the human brain behaves at death as it does during sleep and meditation



"I saw my whole life pass before my eyes." This is the phrase that people who live a certain risk of death or a near death experience usually say. Now, a new study published in Frontiers in Aging Neuroscience it suggests that the brain may remain active and coordinated during and after the death transition, and may even be programmed to orchestrate the entire experience.

The daydream of living a lifetime in a matter of seconds, like lightning, and also with the feeling of being out of body, is a process known as "recall of life". It is an experience similar to what it feels like to have a near-death experience. What happens inside the brain during and after death are questions that have baffled scientists for centuries.

When an 87-year-old patient developed epilepsy, Dr. Raul Vicente of the University of Tartu, Estonia, and his colleagues used continuous electroencephalography to detect seizures and treat the patient. During these recordings, the patient suffered a heart attack and died. This unexpected event allowed scientists to record the activity of a dying human brain for the first time, the researchers say in a press release.

When does life end?

"We measured 900 seconds of brain activity around the time of death and set out to investigate what happened in the 30 seconds before and after the heart stopped beating," explains Dr. Ajmal Zemmar, a neurosurgeon at the University of Louisville ( USA), which organized the study.

"Just before and after the heart stopped working, we saw changes in a specific band of neural oscillations, the so-called gamma oscillations, but also others such as delta, theta, alpha and beta oscillations."

Brain oscillations (better known as "brain waves") are patterns of rhythmic brain activity normally present in living human brains. Different types of oscillations, including gamma, are involved in highly cognitive functions, such as concentration, sleep, meditation, memory retrieval, information processing, and conscious perception, as well as those associated with memories .

Just before and after the heart stopped working, we observed changes in a specific band of neural oscillations

Ajmal Zemmar
Neurosurgeon at the University of Louisville (USA), who organized the study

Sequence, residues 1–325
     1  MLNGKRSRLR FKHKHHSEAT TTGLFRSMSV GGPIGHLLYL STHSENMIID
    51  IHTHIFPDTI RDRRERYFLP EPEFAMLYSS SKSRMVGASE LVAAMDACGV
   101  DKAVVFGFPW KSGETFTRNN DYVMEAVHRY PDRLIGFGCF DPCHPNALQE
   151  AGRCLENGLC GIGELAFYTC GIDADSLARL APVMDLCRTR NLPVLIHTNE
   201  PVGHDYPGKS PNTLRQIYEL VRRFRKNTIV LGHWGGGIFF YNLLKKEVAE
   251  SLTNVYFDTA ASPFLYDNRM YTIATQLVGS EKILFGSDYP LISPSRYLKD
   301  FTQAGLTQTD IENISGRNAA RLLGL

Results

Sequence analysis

"Through the generation of oscillations involved in memory retrieval, the brain could be playing back a last memory of important life events just before death, similar to those reported in near-death experiences," he speculated. Zemmar. "These findings challenge our understanding of exactly when life ends and raise important subsequent questions, such as those related to the timing of organ donation."

a source of hope

Although this study is the first of its kind to measure brain activity in vivo during the dying process in humans, similar changes in gamma oscillations have previously been observed in rats kept in controlled environments. This means that it is possible that, during death, the brain organizes and executes a biological response that could be conserved in all species.

However, these measurements are based on a single case and come from the brain of a patient who had suffered injuries, seizures, and swelling, complicating interpretation of the data. However, Zemmar plans to investigate more cases and sees these results as a source of hope.

"As a neurosurgeon, I am sometimes confronted with loss. It is indescribably difficult to break the news of death to distraught relatives," he said. "One thing we can learn from this research is that even though our loved ones have their eyes closed and are ready to leave us and finally rest, their brains may be replaying some of the most enjoyable moments they've experienced in their lives."



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